Imaging showed a decrease of the number of lipid droplets, and Raman spectral analysis verified a significant reduction of cholesteryl ester in the lipid droplets, suggesting that avasimibe acted by blocking cholesterol esterification. The drug did not induce weight loss, and there was no apparent organ toxicity in the liver, kidney, lung and spleen, Dr. Cheng said.

Findings also showed that blocking storage of cholesteryl ester causes cancer cells to die, specifically due to damage to the endoplasmic reticulum, a workhorse of protein and lipid synthesis.

“By using avasimibe, a potent inhibitor of ACAT-1, we found that pancreatic cancer cells were much more sensitive to ACAT-1 inhibition than normal cells,” added Dr. Cheng.

Additional research confirmed that the anticancer effect of avasimibe is specific to ACAT-1 inhibition. The researchers performed various biochemical assays and “genetic ablation” to confirm the drug’s anticancer effect.

“The results showed that avasimibe treatment for four weeks remarkably suppressed tumor size and largely reduced tumor growth rate,” said paper co-author Timothy Ratliff, the Robert Wallace Miller Director of Purdue’s Center for Cancer Research. “Metastatic lesions in lymph nodes and distant organs also were assessed at the end of the study. A much higher number of metastatic lesions in lymph nodes were detected in the control group than the avasimibe-treated group.”

Each mouse in the control group showed at least one metastatic lesion in the liver. In contrast, only three mice in the avasimibe-treated group showed single lesion in liver.

 

Abrogating cholesterol esterification suppresses growth and metastasis of pancreatic cancer

J Li1, D Gu2, S S-Y Lee1, B Song1, S Bandyopadhyay3, S Chen4, S F Konieczny3,5, T L Ratliff5,6, X Liu5,7, J Xie2 and J-X Cheng1,5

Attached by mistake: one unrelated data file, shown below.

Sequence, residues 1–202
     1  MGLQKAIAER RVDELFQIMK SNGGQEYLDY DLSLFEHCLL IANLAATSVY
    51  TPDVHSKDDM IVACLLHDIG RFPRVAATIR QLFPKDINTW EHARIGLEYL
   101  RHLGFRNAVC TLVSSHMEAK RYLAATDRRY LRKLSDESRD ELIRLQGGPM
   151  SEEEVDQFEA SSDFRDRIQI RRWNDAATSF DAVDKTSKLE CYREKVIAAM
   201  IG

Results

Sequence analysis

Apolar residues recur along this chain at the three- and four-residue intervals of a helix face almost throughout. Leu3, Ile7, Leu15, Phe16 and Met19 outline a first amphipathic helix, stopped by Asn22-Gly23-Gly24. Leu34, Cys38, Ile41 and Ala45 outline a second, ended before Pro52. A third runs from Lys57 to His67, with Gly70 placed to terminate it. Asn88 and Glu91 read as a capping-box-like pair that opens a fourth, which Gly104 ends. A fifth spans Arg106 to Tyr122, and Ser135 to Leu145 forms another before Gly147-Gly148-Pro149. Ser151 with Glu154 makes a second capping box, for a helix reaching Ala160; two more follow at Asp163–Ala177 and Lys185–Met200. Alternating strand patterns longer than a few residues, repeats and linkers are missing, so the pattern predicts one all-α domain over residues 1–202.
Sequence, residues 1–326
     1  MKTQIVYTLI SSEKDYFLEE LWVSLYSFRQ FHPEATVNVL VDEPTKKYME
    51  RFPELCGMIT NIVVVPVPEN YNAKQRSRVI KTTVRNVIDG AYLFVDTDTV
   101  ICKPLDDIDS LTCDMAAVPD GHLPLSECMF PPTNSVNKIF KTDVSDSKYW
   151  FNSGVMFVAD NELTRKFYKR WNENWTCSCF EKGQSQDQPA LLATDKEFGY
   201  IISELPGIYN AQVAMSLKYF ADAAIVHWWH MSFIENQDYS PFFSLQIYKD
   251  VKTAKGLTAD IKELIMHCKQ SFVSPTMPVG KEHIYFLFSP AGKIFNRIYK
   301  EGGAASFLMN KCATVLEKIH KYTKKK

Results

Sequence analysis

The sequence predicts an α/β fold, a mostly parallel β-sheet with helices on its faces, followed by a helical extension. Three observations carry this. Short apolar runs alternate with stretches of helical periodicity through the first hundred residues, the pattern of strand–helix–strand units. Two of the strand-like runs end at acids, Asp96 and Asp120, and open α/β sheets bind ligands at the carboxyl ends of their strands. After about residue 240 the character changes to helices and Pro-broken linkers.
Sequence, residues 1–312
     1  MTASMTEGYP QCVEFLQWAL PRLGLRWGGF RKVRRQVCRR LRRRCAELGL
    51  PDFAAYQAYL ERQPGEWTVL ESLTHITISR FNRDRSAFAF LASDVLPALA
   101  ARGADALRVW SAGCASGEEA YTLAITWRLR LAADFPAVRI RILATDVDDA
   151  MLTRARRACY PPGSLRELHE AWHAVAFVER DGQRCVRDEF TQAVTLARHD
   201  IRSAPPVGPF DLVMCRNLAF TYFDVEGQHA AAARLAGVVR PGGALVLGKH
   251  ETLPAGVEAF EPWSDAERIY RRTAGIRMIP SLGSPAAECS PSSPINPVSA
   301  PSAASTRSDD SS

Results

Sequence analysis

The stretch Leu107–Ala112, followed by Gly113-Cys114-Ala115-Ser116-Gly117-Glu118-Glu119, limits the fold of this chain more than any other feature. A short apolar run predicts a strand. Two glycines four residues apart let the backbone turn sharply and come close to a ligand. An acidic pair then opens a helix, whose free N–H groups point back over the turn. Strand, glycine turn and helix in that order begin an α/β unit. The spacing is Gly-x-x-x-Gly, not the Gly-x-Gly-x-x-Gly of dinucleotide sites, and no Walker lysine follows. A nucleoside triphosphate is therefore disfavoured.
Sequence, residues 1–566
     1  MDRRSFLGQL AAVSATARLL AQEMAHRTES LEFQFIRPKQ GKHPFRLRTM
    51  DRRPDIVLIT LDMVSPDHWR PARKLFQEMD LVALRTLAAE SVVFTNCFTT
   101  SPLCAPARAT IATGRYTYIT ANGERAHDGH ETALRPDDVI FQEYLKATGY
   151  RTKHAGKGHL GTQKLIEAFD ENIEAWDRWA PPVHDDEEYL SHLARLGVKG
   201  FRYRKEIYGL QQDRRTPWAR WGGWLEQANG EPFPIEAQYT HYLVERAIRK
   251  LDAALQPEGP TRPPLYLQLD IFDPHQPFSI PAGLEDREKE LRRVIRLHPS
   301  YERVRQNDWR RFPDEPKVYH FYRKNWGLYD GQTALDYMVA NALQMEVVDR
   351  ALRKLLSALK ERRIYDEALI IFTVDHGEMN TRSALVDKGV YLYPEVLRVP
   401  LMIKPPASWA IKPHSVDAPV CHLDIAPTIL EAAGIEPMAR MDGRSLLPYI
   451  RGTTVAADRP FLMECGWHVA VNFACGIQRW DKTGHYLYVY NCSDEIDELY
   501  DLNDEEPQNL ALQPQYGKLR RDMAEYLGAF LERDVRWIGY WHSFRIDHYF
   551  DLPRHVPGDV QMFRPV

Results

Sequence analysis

O
ncogene 2 May 2016;                                         http://dx.doi.org:/10.1038/onc.2016.168

Cancer cells are known to execute reprogramed metabolism of glucose, amino acids and lipids. Here, we report a significant role of cholesterol metabolism in cancer metastasis. By using label-free Raman spectromicroscopy, we found an aberrant accumulation of cholesteryl ester in human pancreatic cancer specimens and cell lines, mediated by acyl-CoA cholesterol acyltransferase-1 (ACAT-1) enzyme. Expression of ACAT-1 showed a correlation with poor patient survival. Abrogation of cholesterol esterification, either by an ACAT-1 inhibitor or by shRNA knockdown, significantly suppressed tumor growth and metastasis in an orthotopic mouse model of pancreatic cancer. Mechanically, ACAT-1 inhibition increased intracellular free cholesterol level, which was associated with elevated endoplasmic reticulum stress and caused apoptosis. Collectively, our results demonstrate a new strategy for treating metastatic pancreatic cancer by inhibiting cholesterol esterification.

Metastasis is the major cause of cancer-related mortality. Though localized tumors can often be treated by surgery or other therapies, treatment options for metastatic diseases are limited. Cancer metastasis has been revealed to be a multiple step process, including cancer cell migration, local invasion, intravasation, circulation through blood and lymph vessels, extravasation, survival and colonization in distant organs.1, 2, 3Mediators identified in these processes have provided the basis for the development of therapies to target metastasis. Current therapeutic strategies for treating metastatic tumors mainly focus on targeting the adhesive molecules and extracellular proteases.4However, these therapeutics have not been proven to be effective in clinical trials, partially owing to the various escape mechanisms used by the metastatic cancer cells.2, 5, 6 Thus, an unmet need exists to develop new therapeutic strategies for treating metastatic cancers.